• Latvala, Pekka; Huuhko, Kim; Kokkonen, Matti (Copernicus Publications, 2022)
    Abstracts of the International Cartographic Association Series
  • Haak, Bastiaan W.; Argelaguet, R.; Kinsella, C.M.; Kullberg, R.F.J.; Lankelma, J.M.; Deijs, M.; Klein, M.; Jebbink, M.F.; Hugenholtz, F.; Kostidis, S.; Giera, M.; Hakvoort, T.B.M.; De Jonge, W.J.; Schultz, M.J.; Gool, T.V.; Van Der Poll, T.; De Vos, W.M.; Van Der Hoek, L.M.; Wiersingaa, W. Joost (2021)
    Bacterial microbiota play a critical role in mediating local and systemic immunity, and shifts in these microbial communities have been linked to impaired outcomes in critical illness. Emerging data indicate that other intestinal organisms, including bacteriophages, viruses of eukaryotes, fungi, and protozoa, are closely interlinked with the bacterial microbiota and their host, yet their collective role during antibiotic perturbation and critical illness remains to be elucidated. We employed multi-omics factor analysis (MOFA) to systematically integrate the bacterial (16S rRNA), fungal (intergenic transcribed spacer 1 rRNA), and viral (virus discovery next generation sequencing) components of the intestinal microbiota of 33 critically ill patients with and without sepsis and 13 healthy volunteers. In addition, we quantified the absolute abundances of bacteria and fungi using 16S and 18S rRNA PCRs and characterized the short-chain fatty acids (SCFAs) butyrate, acetate, and propionate using nuclear magnetic resonance spectroscopy. We observe that a loss of the anaerobic intestinal environment is directly correlated with an overgrowth of aerobic pathobionts and their corresponding bacteriophages as well as an absolute enrichment of opportunistic yeasts capable of causing invasive disease. We also observed a strong depletion of SCFAs in both disease states, which was associated with an increased absolute abundance of fungi with respect to bacteria. Therefore, these findings illustrate the complexity of transkingdom changes following disruption of the intestinal bacterial microbiome. IMPORTANCE While numerous studies have characterized antibiotic-induced disruptions of the bacterial microbiome, few studies describe how these disruptions impact the composition of other kingdoms such as viruses, fungi, and protozoa. To address this knowledge gap, we employed MOFA to systematically integrate viral, fungal, and bacterial sequence data from critically ill patients (with and without sepsis) and healthy volunteers, both prior to and following exposure to broad-spectrum antibiotics. In doing so, we show that modulation of the bacterial component of the microbiome has implications extending beyond this kingdom alone, enabling the overgrowth of potentially invasive fungi and viruses. While numerous preclinical studies have described similar findings in vitro, we confirm these observations in humans using an integrative analytic approach. These findings underscore the potential value of multi-omics data integration tools in interrogating how different components of the microbiota contribute to disease states. In addition, our findings suggest that there is value in further studying potential adjunctive therapies using anaerobic bacteria or SCFAs to reduce fungal expansion after antibiotic exposure, which could ultimately lead to improved outcomes in the intensive care unit (ICU).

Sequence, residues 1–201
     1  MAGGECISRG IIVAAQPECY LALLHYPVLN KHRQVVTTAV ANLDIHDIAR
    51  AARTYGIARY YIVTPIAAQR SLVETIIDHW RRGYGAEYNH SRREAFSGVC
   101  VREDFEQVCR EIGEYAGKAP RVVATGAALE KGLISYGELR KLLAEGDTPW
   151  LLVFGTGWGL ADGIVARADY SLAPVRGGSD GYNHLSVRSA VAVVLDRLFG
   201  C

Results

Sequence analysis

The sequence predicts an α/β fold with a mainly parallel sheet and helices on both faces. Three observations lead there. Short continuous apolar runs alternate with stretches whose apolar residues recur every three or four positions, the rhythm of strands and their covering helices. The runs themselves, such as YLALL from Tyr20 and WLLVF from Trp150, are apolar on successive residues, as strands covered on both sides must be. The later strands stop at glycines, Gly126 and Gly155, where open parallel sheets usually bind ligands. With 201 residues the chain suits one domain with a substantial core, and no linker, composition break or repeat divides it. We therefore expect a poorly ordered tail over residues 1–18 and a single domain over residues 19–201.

• Ovaska, Kristian; Laakso, Marko Kalevi; Haapa-Paananen, Saija; Louhimo, Riku; Chen, Ping; Aittomäki, Janne Viljami Juhanpoika; Valo, Erkka Antero; Nunez-Fontarnau, Javier; Rantanen, Ville; Karinen, Sirkku Helena; Nousiainen, Kari Juhani; Lahesmaa-Korpinen, Anna-Maria Kristiina; Miettinen, Minna Emilia; Saarinen, Lilli Annika; Kohonen, Pekka; Wu, Jianmin; Westermarck, Jukka; Hautaniemi, Sampsa (2010)
  • Cazaly, Emma; Saad, Joseph; Wang, Wenyu; Heckman, Caroline; Ollikainen, Miina; Tang, Jing (2019)
    Epigenetic research involves examining the mitotically heritable processes that regulate gene expression, independent of changes in the DNA sequence. Recent technical advances such as whole-genome bisulfite sequencing and affordable epigenomic array-based technologies, allow researchers to measure epigenetic profiles of large cohorts at a genome-wide level, generating comprehensive high-dimensional datasets that may contain important information for disease development and treatment opportunities. The epigenomic profile for a certain disease is often a result of the complex interplay between multiple genetic and environmental factors, which poses an enormous challenge to visualize and interpret these data. Furthermore, due to the dynamic nature of the epigenome, it is critical to determine causal relationships from the many correlated associations. In this review we provide an overview of recent data analysis approaches to integrate various omics layers to understand epigenetic mechanisms of complex diseases, such as obesity and cancer. We discuss the following topics: (i) advantages and limitations of major epigenetic profiling techniques, (ii) resources for standardization, annotation and harmonization of epigenetic data, and (iii) statistical methods and machine learning methods for establishing data-driven hypotheses of key regulatory mechanisms. Finally, we discuss the future directions for data integration that shall facilitate the discovery of epigenetic-based biomarkers and therapies.